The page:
Bogunović’s tower looks like it’ll blast off into space at any moment, but the brutalist masterpiece is used for telecommunications—a fairly sci-fi concept in and of itself. Destroyed during NATO’s bombing of Yugoslavia, the tower was so inspiring that it was reconstructed in 2006. The exhibition at MoMA explores these two buildings and others in photographs, renderings, and films. Through January 13, 2018.
NEW YORK CITY: ‘Access to Tools’ at Jack Hanley Gallery
The artist Maia Ruth Lee is interested in details that are overlooked and yet ubiquitous. Wrought iron sculptures that adorn the outsides of homes, decorative embellishments used on window bars and fences—these are things that not only add character, but signify a boundary. Lee, in her first exhibition at Jack Hanley, explores the language that these objects speak.
Isolating them for display, Lee also treats each element as a glyph. She’s developed a glossary of meanings for the design motifs, exploring real and imagined lexicons. Other systems of meaning are explored as well, including her Bondage Baggage series. While researching Nepalese migrant workers passing through Kathmandu International Airport, the artist realized there was a technique for bringing goods back home.
Wrapped in colorful tarp and cloth, these disguised items took on an aesthetic significance for Lee, who, born in Busan, South Korea, is interested in the means of moving through space and time. No matter what, a specific vocabulary is developed in the process, and the artist hones in on the sentiment, creating a language of her own. Running September 6 through October 7, 2018.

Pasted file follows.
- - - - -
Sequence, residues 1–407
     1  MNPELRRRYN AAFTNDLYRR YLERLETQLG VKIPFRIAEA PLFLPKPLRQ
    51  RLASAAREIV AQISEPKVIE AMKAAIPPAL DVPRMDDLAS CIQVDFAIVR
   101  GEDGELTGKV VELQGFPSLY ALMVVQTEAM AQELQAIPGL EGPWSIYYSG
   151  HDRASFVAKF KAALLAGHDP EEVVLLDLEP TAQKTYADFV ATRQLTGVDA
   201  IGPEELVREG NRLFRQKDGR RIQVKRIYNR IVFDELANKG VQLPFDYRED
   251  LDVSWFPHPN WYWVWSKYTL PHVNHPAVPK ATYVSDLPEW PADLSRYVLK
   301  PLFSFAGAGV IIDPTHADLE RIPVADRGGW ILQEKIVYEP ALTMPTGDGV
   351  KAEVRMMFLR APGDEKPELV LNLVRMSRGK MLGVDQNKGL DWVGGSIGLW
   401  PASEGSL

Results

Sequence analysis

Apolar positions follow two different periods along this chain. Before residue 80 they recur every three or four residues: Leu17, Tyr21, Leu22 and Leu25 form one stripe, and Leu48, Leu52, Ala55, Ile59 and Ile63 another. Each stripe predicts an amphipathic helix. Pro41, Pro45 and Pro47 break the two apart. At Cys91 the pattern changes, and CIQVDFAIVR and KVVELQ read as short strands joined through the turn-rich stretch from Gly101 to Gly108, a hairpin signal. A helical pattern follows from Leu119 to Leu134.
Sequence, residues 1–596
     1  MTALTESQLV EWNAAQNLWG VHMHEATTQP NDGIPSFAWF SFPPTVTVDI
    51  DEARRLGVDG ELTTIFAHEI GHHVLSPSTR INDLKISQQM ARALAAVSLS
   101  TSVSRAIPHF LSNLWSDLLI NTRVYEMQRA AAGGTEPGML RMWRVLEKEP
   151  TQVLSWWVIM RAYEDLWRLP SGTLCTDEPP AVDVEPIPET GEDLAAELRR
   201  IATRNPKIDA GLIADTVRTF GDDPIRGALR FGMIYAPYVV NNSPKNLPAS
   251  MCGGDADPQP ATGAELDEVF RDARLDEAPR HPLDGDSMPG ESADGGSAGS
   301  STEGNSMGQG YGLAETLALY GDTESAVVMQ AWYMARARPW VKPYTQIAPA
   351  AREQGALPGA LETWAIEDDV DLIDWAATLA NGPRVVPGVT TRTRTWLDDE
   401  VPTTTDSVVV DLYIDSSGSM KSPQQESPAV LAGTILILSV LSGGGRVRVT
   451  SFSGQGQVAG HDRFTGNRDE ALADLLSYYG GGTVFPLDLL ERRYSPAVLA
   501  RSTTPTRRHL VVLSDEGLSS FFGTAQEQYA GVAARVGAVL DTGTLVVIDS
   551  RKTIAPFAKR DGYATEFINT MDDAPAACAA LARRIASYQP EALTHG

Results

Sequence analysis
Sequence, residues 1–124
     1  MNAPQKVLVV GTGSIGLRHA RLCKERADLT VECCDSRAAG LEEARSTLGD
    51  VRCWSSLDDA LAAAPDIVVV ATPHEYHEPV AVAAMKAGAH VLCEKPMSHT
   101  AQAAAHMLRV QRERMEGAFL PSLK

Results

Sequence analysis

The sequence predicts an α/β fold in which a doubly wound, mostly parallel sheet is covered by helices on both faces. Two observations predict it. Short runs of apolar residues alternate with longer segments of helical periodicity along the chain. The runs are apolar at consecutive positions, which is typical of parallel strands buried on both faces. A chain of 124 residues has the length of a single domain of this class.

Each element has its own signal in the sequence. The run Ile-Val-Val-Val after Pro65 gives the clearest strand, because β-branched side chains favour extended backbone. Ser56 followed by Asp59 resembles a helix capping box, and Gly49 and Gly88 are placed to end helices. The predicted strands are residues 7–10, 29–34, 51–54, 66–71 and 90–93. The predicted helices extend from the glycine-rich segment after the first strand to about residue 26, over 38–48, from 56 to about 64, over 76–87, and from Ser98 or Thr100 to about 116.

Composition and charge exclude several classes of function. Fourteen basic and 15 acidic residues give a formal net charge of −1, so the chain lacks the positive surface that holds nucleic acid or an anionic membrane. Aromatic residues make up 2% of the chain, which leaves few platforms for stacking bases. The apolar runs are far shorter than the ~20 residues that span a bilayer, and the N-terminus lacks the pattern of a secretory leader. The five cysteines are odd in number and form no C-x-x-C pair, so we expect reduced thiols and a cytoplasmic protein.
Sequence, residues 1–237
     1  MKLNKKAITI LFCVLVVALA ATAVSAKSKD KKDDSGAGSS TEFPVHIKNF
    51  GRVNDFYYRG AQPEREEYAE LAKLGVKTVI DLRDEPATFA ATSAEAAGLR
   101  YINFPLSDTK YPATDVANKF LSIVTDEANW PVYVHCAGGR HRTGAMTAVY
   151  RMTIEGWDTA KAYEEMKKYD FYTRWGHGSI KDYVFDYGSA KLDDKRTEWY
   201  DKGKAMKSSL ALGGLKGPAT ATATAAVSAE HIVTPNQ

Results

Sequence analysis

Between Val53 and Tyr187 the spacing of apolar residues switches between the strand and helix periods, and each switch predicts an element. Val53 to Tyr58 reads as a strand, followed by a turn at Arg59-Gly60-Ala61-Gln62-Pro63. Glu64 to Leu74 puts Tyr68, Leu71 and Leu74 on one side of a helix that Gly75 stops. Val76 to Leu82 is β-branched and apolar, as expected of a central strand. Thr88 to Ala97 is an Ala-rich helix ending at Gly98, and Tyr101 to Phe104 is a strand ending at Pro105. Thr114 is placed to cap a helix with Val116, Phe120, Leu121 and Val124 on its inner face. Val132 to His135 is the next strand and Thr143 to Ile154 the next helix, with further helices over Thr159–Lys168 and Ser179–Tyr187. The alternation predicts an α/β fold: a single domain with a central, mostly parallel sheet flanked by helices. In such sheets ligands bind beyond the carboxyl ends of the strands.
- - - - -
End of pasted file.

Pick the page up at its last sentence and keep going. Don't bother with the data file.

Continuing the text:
LOS ANGELES: “lonesome crowded west” at Château Shatto
The poetry found in Aria Dean’s artwork is illuminating, heartbreaking, and just visually incredible. When you look at a piece of hers, it’s like there’s a history of the world contained therein—but can’t put your finger on how, or what. In her first solo exhibition at L.A.’s Château Shatto, Dean will have a series of works that explores three mediums: sculptures made of clay and resin, looped videos, and a “replicative” sculpture.
Exploring her personal history—and the ontological features of blackness—Dean has gathered clay from an area of the Mississippi River, where her paternal grandfather lived. The sculptures embody a physical connection between artist and place, but, perhaps more significantly, a metaphysical question: as narratives get told and retold, how do we distinguish between the story and the self, or the other?
In the video works, Dean compiles crowd scenes from hip-hop videos to probe the genre’s tropes, as well as the separation between individual and collective identity. Like the rest of Dean’s oeuvre, these works will spur complex thoughts, and stun the senses. Running September 8 through October 27, 2018.
LOS ANGELES: ‘Artificial Imtelligence’ at B.P.L.A.
That’s no typo. Artificial Imtelligence at Big Pictures Los Angeles is the brainchild of artist Hugo Montoya. The Miami-bred, Mexico City-dwelling artist pokes fun at those people and artworks who take themselves too seriously, but he does so in a precise, studious way. Montoya’s works are like bad jokes, perfectly composed.
A supreme eye for knick knacks, tchotchkes, and aesthetic arrangement, Montoya has been collecting objects befitting a lovely, whacky grandma for years. Over the years, he’d amassed a collection of wonderfully strange and funny things, before selling everything prior to his move from Miami to Mexico. This exhibition, though, shows Montoya returning to his passion.
The works, which integrate objects such as a foam bust from a bachelorette party, or a WiFi-controlled rainbow-colored light bulb, engage the lighthearted, sensual side of late capitalism. Montoya’s brilliance lies in the way he skirts the line between crude gesture and fine art, and his fluid combination of sensibilities. He is both a gifted photographer and discerning hoarder. Through October 1, 2018.